The life of a monk ought to be a continuous Lent. Since few, however, have the strength for this, we urge the entire community during these days of Lent to keep its manner of life most pure and to wash away in this holy season the negligences of other times. This we can do in a fitting manner by refusing to indulge in evil habits and by devoting ourselves to prayer with tears, to reading, to compunction of heart and self-denial. During these days, therefore, we will add to the usual measure of our service something by way of private prayer and abstinence from food or drink, so that each of us will have something above the assigned measure to offer God of his own will with the joy of the Holy Spirit (1. Thess. 1:5). In other words, let each one deny himself some food, drink, sleep, needless talking and idle jesting, and look forward to holy Easter with joy and spiritual longing. (RB. 1980: The Rule of Saint Benedict in Latin and English, Chapter 49, p.253).
The only season that St. Benedict writes a whole chapter about in The Rule is Lent.
Benedict tells us that Lent is the time to make new efforts to be what we say we want to be. We applaud the concept in most things. We know, for instance, that even people who were married years ago have to keep working at that marriage consciously and intently every year thereafter, or the marriage will fail no matter how established it seems. We know that people who own businesses take inventories and evaluations every year or the business fails. We too often fail to realize, however, that people who say they want to find God in life have to work every day too to bring that Presence into focus, or the Presence will elude them no matter how present it is in theory. (The Rule of Benedict: A Spirituality for the 21st Century. Sr. Joan Chittister, OSB, p.220).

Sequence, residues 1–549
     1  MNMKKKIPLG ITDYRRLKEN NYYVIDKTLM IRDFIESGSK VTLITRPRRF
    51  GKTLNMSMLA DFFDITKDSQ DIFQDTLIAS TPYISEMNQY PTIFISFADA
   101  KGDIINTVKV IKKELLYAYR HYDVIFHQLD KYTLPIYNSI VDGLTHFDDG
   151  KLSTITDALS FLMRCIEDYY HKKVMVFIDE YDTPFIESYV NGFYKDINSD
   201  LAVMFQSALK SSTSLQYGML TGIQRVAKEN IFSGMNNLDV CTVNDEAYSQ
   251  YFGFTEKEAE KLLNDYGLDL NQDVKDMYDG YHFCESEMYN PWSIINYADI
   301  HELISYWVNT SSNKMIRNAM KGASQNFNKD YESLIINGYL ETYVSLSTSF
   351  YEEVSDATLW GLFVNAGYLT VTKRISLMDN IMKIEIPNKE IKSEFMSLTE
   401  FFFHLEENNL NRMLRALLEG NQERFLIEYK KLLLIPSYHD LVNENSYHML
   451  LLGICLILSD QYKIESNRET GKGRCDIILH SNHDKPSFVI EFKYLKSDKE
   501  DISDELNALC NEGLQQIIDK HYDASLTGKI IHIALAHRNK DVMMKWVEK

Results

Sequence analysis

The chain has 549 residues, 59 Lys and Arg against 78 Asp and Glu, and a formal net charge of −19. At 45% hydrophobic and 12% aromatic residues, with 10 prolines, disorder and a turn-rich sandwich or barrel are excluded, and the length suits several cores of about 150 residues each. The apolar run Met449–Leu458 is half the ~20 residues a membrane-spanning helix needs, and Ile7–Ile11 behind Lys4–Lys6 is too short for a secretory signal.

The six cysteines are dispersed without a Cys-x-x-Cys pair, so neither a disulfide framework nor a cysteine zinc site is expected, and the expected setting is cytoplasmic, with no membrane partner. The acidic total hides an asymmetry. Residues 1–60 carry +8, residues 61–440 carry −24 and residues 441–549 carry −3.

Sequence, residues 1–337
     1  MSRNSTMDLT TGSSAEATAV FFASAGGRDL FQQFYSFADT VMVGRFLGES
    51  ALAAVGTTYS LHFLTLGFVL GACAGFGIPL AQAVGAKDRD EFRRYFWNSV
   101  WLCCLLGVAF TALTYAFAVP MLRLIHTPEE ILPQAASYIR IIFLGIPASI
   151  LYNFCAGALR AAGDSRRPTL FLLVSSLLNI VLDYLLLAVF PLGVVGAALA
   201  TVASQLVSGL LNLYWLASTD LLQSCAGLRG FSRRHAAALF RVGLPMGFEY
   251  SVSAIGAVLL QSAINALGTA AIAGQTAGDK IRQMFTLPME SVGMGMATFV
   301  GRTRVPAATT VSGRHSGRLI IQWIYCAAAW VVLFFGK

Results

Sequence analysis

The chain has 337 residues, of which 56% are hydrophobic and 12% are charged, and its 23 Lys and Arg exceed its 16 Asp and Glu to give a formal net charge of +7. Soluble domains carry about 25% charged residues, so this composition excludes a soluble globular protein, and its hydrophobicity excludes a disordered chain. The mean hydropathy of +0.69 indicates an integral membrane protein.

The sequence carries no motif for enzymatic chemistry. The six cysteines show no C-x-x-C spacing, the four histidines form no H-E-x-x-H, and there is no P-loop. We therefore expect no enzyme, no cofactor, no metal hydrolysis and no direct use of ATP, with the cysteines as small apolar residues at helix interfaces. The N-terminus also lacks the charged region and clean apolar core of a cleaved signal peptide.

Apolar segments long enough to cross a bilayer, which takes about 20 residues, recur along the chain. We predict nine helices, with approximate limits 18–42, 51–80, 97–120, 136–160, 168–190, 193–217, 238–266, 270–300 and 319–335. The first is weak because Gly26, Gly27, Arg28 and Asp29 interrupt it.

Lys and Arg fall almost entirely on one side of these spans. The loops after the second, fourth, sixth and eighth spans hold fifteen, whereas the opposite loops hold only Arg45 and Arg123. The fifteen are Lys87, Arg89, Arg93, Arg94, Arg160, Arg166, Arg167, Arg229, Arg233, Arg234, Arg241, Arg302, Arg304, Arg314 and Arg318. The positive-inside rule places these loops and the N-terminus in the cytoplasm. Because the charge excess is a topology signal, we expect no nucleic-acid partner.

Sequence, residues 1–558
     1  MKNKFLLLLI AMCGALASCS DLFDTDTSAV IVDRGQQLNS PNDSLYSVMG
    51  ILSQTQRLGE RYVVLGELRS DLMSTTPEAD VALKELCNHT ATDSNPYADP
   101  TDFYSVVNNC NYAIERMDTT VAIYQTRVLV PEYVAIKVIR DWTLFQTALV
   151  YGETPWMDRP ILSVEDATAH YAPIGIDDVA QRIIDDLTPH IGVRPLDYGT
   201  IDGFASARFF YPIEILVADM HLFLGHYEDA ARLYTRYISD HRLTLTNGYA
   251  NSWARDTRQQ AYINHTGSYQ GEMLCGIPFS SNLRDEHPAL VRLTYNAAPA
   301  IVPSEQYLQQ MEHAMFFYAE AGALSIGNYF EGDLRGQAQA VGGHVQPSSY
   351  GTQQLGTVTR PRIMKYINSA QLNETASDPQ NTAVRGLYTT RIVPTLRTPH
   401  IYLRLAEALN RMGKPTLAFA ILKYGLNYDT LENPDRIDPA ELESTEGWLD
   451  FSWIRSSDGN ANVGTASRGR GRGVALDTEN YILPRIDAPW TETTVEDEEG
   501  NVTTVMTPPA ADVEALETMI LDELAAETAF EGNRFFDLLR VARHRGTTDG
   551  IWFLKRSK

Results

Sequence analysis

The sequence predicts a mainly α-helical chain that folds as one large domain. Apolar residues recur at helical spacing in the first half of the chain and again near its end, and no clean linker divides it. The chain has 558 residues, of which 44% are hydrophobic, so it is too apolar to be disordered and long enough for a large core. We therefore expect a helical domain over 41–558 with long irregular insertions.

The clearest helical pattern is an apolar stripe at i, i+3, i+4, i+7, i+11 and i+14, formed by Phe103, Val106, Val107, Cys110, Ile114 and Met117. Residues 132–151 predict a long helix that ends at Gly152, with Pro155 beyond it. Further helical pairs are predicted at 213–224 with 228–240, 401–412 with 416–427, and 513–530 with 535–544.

On this Ash Wednesday, we are invited by Jesus to begin to take a new look at our spiritual and personal lives. It is time to “take inventory” of what we have been doing vs. what we have been putting off far too long. During these forty days of fasting and abstinence we are encouraged to grow into our relationship with God, others and ourselves. Through living a contemplative life during Lent, we are urged to meditate on how we are all inter-connected with nature, people, places and God.
St. Benedict is helping us see that when we give some things up for a while, we need to add on to the usual measure. He encourages us to do that, because when we give up something there is a void in our lives. St. Benedict and Jesus invite us to spend time in silence and prayer so that we may begin to see our true selves lost in those voids as “my soul is athirst for the living God” (Psalm 42:2).
What is Jesus calling you to take inventory of in your life this Lent?
Brother Anselm Philip King-Lowe, OSB